Children's Museum of Indianapolis adding $35 million 'Sports Legend Experience'

Children's Museum Expansion
Expansion plans
Children's Museum expansion: Riley Children's Health Sports Legends Experience
Andrew Luck on Children's Museum expansion
Children's Museum expansion (Sunrise 6:15am)
Children's Museum plans major expansion (Sunrise 5:15am)
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It's already the world's largest children's museum, and it's about to get even bigger. The Children's Museum of Indianapolis unveiled plans for a $35 million expansion today.

It's a seven-and-a-half acre expansion, with a small part of it inside. The rest of it will be built outside on parking lot space to the north and west of the museum. It will be called the "Riley Children's Health Sports Legends Experience."

Most of the new outdoor attraction will be built on activities like football, basketball, golf, soccer and more.

Jeffrey Patchen, President & CEO of the Children's Museum, says work the expansion began about five years ago. 

"The inspiration was how do we get our arms around health and fitness and necessarily create experiences that ensure that parents and grandparents engage with their kids and grandkids?" said Patchen.

Patchen says with Indianapolis ranked as the unhealthiest city in the United States again this year, the goal is to find a way to fight childhood obesity and inactivity.

So big names were brought in for their ideas and influence in designing and funding the project. Colts Quarterback Andrew Luck says he was honored to take part.

"This sports utopia is everything a kid could ever want, and I think it fits right in with the messaging of living a healthy active lifestyle and getting other people involved in it, whether it’s your family or friends," said Luck.

Artwork provided by the Children's Museum illustrates what the individual sports areas will look like, with the Colts sponsoring the football activities, the Pacers and Fever in the basketball area.

There will even be a mini golf area designed by legendary golf course designers Pete and Alice Dye.

The Children's Museum says visits to the football, basketball and baseball halls of fame, and Disney's ESPN Wide World of Sports in Orlando helped in developing the concept. But the goal is to provide a fun experience that discourages childhood obesity.

Matt Cook is president of Riley Children's Health. 

"Our hope from the Sports Legends Experience is that all Hoosiers will gain a better understanding of the importance of health and wellness and to leave inspired to put into practice what they learned during their visit," said Cook.

 Andrew Luck took part in fundraising appearances to draw in major contributions from the likes of the Lilly Endowment, the Herbert Simon Family Foundation, the Colts and others. This would be the largest expansion in 40 years.

It will open in spring of 2018.

More about the project:

The new 7.5-acre, $35-million exhibit will provide positive physical experiences in an effort to encourage families to integrate physical activity into daily life.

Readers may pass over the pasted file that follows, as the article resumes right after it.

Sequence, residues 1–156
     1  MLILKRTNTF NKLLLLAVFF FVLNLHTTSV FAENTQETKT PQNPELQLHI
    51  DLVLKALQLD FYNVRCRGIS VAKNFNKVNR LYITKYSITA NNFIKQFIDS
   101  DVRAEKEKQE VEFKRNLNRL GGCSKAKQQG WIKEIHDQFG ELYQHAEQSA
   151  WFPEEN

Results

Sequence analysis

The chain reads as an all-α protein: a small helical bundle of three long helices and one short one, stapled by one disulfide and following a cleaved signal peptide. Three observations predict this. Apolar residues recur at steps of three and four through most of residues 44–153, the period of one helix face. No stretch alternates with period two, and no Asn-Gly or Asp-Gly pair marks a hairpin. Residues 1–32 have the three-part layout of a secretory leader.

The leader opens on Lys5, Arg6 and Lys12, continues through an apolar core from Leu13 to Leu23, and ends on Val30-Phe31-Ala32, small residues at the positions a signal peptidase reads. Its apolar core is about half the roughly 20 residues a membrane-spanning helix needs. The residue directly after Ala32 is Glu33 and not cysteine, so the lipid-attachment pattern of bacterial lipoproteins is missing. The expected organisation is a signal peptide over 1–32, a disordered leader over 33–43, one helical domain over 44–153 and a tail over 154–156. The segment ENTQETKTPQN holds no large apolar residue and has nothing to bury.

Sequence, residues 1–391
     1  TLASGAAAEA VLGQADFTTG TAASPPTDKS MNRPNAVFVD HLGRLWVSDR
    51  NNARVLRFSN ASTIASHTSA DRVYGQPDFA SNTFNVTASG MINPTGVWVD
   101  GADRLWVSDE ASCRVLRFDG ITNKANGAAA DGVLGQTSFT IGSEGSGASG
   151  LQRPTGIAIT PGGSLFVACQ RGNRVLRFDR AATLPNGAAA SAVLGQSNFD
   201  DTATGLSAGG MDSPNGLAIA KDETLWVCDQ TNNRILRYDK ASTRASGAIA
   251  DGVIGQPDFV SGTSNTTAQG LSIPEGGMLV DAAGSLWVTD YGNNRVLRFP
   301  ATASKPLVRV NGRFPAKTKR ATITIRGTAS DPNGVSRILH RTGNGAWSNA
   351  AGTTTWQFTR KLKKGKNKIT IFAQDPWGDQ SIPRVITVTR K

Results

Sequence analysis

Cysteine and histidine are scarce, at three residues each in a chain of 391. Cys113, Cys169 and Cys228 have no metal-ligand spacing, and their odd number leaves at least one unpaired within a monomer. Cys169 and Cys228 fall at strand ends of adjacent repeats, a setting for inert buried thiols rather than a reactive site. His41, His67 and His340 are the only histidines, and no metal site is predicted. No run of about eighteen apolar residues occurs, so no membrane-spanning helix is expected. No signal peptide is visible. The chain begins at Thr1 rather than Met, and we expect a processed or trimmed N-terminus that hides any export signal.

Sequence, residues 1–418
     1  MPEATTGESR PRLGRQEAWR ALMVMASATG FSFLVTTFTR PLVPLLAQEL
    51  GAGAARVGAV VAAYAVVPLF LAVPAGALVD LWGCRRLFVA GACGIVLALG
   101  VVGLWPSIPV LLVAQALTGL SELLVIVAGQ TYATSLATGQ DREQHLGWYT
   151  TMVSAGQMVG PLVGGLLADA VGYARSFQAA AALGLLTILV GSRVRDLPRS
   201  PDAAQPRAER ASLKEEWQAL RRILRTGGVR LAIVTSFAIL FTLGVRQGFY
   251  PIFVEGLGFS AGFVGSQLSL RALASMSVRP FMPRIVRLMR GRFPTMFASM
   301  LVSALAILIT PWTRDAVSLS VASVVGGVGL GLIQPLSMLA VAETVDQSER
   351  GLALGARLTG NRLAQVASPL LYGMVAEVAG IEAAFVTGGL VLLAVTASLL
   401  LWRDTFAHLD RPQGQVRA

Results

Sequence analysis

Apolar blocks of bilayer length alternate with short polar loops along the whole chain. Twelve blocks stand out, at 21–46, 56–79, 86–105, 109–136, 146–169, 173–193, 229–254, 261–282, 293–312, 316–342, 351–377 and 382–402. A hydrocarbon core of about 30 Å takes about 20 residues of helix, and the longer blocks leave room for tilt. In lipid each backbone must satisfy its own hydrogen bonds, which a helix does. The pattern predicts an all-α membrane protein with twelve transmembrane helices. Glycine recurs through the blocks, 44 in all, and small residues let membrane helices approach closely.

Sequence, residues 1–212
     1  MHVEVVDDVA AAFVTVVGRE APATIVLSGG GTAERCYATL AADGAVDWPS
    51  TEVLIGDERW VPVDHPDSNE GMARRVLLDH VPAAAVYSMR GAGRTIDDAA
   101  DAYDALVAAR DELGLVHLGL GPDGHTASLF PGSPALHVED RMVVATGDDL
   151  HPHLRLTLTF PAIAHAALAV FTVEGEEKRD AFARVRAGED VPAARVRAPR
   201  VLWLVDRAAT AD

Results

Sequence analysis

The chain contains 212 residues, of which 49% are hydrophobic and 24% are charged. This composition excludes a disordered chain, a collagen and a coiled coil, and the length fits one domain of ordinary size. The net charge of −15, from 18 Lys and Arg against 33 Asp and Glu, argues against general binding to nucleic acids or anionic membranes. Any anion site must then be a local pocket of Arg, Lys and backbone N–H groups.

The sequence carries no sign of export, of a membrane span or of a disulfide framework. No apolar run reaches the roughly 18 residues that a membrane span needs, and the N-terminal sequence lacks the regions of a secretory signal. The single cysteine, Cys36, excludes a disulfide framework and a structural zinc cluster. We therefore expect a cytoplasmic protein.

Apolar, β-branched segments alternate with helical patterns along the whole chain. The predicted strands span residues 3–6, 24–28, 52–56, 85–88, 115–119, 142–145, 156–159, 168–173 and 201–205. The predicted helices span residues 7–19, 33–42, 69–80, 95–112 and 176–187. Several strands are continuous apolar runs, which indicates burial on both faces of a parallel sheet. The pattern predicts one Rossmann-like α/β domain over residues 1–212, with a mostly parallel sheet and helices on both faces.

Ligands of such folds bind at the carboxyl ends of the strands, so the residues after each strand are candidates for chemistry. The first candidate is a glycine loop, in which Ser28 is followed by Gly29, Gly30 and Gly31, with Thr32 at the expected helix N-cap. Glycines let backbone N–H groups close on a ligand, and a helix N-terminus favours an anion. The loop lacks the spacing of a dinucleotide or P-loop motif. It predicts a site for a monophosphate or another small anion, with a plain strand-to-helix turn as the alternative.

Key components of the Experience will include:

  • Indiana Pacers and Indiana Fever Basketball Experience
  • Old National Bank Sports Legends Avenue of Champions
  • Indianapolis Colts Football Experience
  • The Sports Legends Pavilion and Plaza presented by the Efroymson Family Fund
  • Pete & Alice Dye-designed Golf Experience presented by Henry and Christine Camferdam
  • The Children's Museum Guild Fantasy Tree House of Sports Climbing Experience
  • Wiese Field donated by Elizabeth Bracken Wiese and J. Frederic Wiese, Jr. 
  • Jane and Steve Marmon Running Experience
  • USTA Family Tennis Experience
  • Soccer Experience
  • Indy Fuel Hockey Experience 
  • Indianapolis Motor Speedway Pedal Car Racetrack Experience
  • Pedal Car Drag Racing Experience
  • Family Fitness Path

The indoor portion of the "Riley Children's Health Sports Legends Experience" will be open year-round. The outdoor portion will operate during seven core months each year from April through October, with the potential to open in March or remain open until November, depending on weather. 

The Children's Museum of Indianapolis opened in 1925 and has been at its current location at the corner of North Meridian Street and West 30th Street for 40 years.

A lot has changed to the five-story building that was built in 1976, and most of the changes are thanks to a series of expansions over the years, bringing it to nearly 473,000 square feet on 29 acres.

More than 330 parking spaces will be lost by the new expansion, but the Metropolitan Development Commission finds “the parking garage and the remaining off-street parking areas would adequately accommodate this expansion.”

The commission approved the plans for the $35 million expansion this month.

The museum's current campus has eleven major galleries made up of temporary and permanent exhibits.

Each year, an estimated 1.2 million people spend time at The Children’s Museum of Indianapolis, which employs 300 people and utilizes nearly 600 volunteers.

While 2016 marks 40 years in its current space, a series of expansions have dramatically changed the face of the museum.

The first expansion came in 1988, twelve years after the current main building was finished in 1976.

The nearly $16 million expansion included the iconic Water Clock and planetarium, as well as the large sunburst window.

A third expansion came less than ten years later in 1996, and included festival space and the short-lived Cinedome. The 300-seat, large-screen theater had competition from the IMAX, which opened at White River State Park, and museum leaders decided to close the Cinedome in 2001.

It was converted into the Dinosphere exhibit in a two-part expansion, which included a parking garage in 2004. The second part was completed in 2009, and included a new Welcome Center and sky walk connection to the parking garage.